Using yourself to define you is like using a word in its own definition. You find more and more those in the Millennial Generation feel unable to anchor. They float with the wind, the tide, and their feelings. Their initial response to potential anchors of sports heroes, political leaders and ideologies is distrust and skepticism. Not able to describe or refine the definition of self makes one stop searching for answers to who and what I am and, am I secure? As a leader of this generation, the only way to truly provide security is to have a strong sense of self and earn the trust of those you lead that you can be that anchor.

Those who work in the Army can provide a good anchor and teach others to answers the question of “who am I,” but only through personal relationships with those they lead. Reflecting back on my “leadership training,” what was emphasized was a high PT score, taking charge when in charge, and being able to display confidence. Absent from my training was any emphasis on getting to know others, increasing my ability to interact with people, or EO type discussions or assessments. Throughout my Army experience, zero or no tolerance for mistakes has been a constant theme. Results have been more important than process. Focus on people and the “business of people” is often echoed, but seldom practiced. Bennis says audacity is an integral part of leadership. With audacity comes an increase in the opportunity for mistakes. You either function as part of the team, or you’re outside. If you diminish the image of a leader then you are no longer allowed as part of the team. Common military stereotypes of poor social skills and rigid personalities contribute to this idea. These stereotypes come from a generation that bought into the system for the systems sake. They were able to anchor themselves in the organization and help define themselves by it. The nature of leadership has since changed. The large face of the organization is no longer a strong anchor. We have to personally assure through relationship and example those we lead in smaller units; we must demonstrate that it is safe to trust. We continually have to reaffirm that trust. Only when a Soldier is anchored and confident in that anchor will they feel secure. It is then that we can teach them to further define themselves, become productive leaders and become anchors to others. Only when all that takes place, can we teach them to achieve self actualization.

A word on how this relates to the integral part of the Army’s definition of leadership, “…operating to accomplish the mission and improving the organization.” The current “mission” very clearly appears to be something similar to, “Partner with local nationals in our OEF/OIF missions to influence stability.” One could argue, with the numbers of junior officers and Soldiers getting out, what we mean by “Improving the organization” could best be defined by examples such as the study on, “Retaining Officer Talent” and other initiatives to make the organization better for its people, and make the people better for the organization. Being able to “influence” those in the organization to operate to accomplish those missions can be found in the essence of the missions themselves.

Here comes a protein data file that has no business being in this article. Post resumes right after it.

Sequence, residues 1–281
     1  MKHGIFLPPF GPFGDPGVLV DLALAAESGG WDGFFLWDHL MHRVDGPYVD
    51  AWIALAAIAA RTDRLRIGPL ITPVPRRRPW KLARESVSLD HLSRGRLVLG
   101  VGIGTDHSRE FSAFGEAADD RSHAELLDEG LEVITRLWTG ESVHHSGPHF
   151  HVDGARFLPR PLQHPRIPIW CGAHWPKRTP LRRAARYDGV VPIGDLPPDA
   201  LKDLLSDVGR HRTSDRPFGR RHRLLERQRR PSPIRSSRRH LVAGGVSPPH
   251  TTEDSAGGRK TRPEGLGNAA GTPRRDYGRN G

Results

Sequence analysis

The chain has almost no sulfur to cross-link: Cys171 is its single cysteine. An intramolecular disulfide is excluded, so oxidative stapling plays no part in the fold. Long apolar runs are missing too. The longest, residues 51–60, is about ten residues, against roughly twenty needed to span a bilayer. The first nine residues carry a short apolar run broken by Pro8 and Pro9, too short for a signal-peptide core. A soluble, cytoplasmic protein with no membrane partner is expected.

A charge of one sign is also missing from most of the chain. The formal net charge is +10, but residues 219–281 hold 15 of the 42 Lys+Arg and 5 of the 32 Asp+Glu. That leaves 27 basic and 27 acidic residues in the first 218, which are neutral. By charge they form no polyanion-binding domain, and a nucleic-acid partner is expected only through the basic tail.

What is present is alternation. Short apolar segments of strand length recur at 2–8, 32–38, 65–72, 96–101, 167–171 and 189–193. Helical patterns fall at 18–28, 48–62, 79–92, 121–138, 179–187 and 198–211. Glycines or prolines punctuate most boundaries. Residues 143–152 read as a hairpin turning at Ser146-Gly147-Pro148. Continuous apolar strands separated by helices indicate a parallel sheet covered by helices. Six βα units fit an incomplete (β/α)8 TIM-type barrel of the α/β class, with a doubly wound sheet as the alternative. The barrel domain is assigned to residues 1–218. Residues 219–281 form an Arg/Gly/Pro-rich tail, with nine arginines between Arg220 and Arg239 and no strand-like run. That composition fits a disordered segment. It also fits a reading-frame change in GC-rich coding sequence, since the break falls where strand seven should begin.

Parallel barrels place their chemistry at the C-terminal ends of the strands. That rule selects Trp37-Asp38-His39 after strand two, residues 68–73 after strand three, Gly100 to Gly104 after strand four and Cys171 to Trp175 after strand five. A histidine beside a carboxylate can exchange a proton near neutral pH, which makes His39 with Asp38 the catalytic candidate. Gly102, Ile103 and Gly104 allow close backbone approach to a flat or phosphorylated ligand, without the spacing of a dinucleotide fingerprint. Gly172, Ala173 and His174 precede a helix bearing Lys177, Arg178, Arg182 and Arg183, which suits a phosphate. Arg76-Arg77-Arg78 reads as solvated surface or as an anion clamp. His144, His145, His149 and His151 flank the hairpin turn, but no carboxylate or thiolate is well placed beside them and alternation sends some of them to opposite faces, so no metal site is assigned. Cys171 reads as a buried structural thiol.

The revamp of the counseling system, additional cultural or leadership training, a new system for evaluating leadership and increased emphasis on language training are all programs aimed at achieving those goals. They can provide technical skills to enhance mission accomplishment, but do not ever teach individuals the “tactical” art required to achieve or even prove mission accomplishment. The tactical art of influencing those to partner effectively or influencing those to make the organization better for its people must be taught on an individual level with a master and apprentice. It cannot be accomplished through a series of steps or by doing a task. It cannot be explained, it must be demonstrated. The apprentice must immerse themselves in the deepest understanding of how to practice the art, or they will never successfully be able to practice the art on their own. The two missions ironically, are identical at their core. They are the two areas in which our organization appears to have the most difficulty achieving success. Fenlason said it best when he said, “One of my responsibilities is to provide them the place and opportunity to do that.” If every leader in the organization “influenced” by attempting to form a relationship with those they led to provide a “place and opportunity” to feel anchored and work towards self actualization, they would understand the art required in today’s missions of partnership and leadership because they would be practicing it. Those missions cannot be answered with a “how we partner” smart card or taught in a “leadership 101” course. Providing security for Soldiers we lead and security for local nationals in the combat operating environment cannot be approached as a science, measured or quantified. One either feels it, or they don’t. One either has the finesse to perceive its presence in others, or they don’t. If we, as an organization are not effectively “operating to accomplish the mission and improving the organization,” then by our own definition are we really leading, or are we floating, unanchored, and unsecured? Are we constantly rowing, believing if we do something hard enough or enough times, someday the organization will be able to anchor and answer the question, “Am I secure?” I think the best answer to that question is, “Who are you?”

As always, your thoughts and comments are welcome.